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Logo vs. Brand Heuristic Instructions

Logo vs. Brand Heuristic Instructions

I guess most readers of this blog are already familiar with the fundamental difference between a brand’s visual identity and branding. To change the visual identity of a particular brand does not mean rebranding. Changing visual identity while leaving all other brand elements unchanged does not substantially change the brand. It changes one of a brand’s moments of truth but not the brand identity itself. To be more precise, it changes brand identity insofar as it becomes unbalanced since a part of it was changed without taking into account all other elements.

If we take a situation when brand identity really changes (leaving reasons for the change aside in this post), does this also necessitate a change of visual identity?

If rebranding is substantial, then all moments of truth should also be changed. Logo and slogan are two of many moments of truth. If rebranding is minor, you can probably leave the logo intact and sometimes even the slogan. The logo stands on top of the visual identity hierarchy and is, for that reason, most resistant to change, while slogans are next in line. So, only substantial rebranding necessitates a complete change of visual identity.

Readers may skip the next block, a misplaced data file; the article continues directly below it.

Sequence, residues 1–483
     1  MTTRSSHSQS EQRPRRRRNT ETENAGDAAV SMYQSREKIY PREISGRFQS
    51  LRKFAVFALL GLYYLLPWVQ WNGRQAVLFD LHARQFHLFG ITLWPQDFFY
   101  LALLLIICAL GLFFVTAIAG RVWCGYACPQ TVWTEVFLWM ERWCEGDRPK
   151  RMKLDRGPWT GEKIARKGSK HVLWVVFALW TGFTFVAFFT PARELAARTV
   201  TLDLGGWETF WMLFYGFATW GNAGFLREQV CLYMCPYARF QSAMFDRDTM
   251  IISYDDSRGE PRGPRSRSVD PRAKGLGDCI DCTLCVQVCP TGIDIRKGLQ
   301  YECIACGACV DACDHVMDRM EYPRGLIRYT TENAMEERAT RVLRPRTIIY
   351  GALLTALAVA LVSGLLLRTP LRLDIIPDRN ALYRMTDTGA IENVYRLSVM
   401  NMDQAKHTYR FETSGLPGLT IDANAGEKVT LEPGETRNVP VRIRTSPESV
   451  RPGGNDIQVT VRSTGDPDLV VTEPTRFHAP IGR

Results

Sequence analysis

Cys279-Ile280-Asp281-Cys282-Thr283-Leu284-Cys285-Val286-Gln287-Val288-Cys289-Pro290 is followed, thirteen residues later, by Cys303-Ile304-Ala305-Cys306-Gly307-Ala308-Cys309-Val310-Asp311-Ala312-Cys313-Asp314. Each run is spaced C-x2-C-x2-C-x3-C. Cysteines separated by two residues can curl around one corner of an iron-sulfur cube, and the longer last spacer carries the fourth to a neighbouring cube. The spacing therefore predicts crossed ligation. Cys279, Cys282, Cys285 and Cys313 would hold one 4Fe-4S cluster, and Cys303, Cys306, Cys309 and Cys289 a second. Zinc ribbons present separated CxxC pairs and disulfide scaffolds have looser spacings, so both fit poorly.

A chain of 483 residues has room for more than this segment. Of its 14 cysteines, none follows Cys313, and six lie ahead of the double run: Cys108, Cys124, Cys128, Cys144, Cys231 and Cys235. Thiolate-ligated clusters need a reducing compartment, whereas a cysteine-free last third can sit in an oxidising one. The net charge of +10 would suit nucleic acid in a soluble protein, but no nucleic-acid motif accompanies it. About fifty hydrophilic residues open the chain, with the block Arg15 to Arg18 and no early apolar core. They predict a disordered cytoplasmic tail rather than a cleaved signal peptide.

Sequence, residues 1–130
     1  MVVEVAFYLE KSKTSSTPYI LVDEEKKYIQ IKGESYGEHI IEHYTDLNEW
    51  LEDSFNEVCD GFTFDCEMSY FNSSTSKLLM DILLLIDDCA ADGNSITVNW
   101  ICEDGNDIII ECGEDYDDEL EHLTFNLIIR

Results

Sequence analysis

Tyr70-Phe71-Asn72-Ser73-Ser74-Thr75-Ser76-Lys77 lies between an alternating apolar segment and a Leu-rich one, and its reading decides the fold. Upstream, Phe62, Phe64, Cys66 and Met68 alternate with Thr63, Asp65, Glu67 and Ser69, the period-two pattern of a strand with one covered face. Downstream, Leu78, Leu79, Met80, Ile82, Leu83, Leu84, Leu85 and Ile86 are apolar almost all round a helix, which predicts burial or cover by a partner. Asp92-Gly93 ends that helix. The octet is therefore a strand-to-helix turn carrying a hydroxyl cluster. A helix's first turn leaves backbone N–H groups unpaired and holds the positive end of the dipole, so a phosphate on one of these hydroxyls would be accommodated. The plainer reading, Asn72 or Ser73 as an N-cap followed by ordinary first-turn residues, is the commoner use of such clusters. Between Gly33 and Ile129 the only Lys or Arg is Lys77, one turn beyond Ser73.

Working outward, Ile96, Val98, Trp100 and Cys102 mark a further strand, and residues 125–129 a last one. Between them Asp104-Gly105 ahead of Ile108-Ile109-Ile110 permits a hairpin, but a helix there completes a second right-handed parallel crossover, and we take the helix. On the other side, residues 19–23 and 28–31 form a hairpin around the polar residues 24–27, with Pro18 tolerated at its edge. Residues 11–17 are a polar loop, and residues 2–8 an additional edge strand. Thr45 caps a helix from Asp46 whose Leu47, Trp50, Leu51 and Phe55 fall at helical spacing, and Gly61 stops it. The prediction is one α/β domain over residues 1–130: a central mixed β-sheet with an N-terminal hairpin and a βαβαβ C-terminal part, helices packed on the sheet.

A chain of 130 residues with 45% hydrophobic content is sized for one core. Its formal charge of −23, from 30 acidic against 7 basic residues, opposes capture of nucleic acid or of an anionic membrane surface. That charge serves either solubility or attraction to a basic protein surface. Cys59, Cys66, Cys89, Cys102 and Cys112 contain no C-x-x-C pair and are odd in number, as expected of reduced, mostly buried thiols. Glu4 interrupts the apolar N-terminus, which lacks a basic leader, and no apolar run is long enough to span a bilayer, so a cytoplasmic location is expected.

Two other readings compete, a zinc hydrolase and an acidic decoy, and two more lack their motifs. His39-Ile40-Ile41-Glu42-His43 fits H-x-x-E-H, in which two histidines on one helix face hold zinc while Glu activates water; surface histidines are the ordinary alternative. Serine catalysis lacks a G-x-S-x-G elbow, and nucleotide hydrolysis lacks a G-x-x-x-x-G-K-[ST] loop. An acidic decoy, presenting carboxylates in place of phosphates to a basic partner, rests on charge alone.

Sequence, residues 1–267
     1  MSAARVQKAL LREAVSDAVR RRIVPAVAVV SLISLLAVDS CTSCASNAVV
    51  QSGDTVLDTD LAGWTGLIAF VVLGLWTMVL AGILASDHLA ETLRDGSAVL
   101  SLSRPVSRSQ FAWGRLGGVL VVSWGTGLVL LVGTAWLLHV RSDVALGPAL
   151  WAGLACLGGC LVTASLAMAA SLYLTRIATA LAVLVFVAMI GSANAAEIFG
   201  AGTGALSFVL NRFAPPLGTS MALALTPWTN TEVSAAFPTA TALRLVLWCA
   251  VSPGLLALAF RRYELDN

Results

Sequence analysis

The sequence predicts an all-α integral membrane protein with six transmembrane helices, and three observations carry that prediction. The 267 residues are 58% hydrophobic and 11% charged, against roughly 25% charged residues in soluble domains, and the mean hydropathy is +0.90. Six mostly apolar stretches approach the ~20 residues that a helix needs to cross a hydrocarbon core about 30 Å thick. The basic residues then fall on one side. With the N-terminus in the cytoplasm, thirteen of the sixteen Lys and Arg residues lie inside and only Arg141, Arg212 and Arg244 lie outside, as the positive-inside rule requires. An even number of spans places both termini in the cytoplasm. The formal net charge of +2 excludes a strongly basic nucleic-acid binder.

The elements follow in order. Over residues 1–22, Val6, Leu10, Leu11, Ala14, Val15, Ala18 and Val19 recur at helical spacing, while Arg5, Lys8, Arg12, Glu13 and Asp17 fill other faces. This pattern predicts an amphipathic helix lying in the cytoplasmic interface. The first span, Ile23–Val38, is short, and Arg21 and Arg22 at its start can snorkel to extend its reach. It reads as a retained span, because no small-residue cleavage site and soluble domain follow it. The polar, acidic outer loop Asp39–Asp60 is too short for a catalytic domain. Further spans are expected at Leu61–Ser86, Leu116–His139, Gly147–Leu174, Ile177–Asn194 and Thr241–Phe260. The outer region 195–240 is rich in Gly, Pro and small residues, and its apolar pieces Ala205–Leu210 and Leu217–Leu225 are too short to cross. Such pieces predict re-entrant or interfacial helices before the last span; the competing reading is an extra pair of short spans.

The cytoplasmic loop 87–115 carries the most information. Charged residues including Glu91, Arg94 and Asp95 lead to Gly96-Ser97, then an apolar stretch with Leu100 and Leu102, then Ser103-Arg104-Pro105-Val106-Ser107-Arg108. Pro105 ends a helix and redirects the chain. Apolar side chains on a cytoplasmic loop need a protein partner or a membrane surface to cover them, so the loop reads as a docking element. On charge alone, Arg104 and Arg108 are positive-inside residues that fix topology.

How do you know if rebranding is substantial?

Check the differences in your brand identity formula. If the differences are substantial, then you have just passed substantial rebranding.

Beware, though: check if the company that runs a brand lives these changes. If not, you must first secure internal procedures aligning internal brand perception with rebranded identity.


Yes. Rebranding is an internal process, whereas repositioning is an external process. Logos, taglines, and so on are part of the external repositioning, part of moments of truth that emanate identity in physical reality like phenotype emanates genotype. The brand manager should first be sure that brand identity complies with the ever-changing needs of consumers or stakeholders, change identity if needed (rebranding), and, ultimately, change moments of truth (including visual identity) according to instructions derived from brand identity.

Not all moments of truth should be changed at the exact moment. One should always take care of those moments of truth that address internal stakeholders first. Internal stakeholders are those who shall execute a brand and should thus be the first and most familiar with it.

What is the Brand identity formula? What is rebranding? What are moments of truth? Consult Brandlife: Brand’s Mystery Unveiled eBook: Andrej Drapal, Maša Dolanc: Kindle Store.

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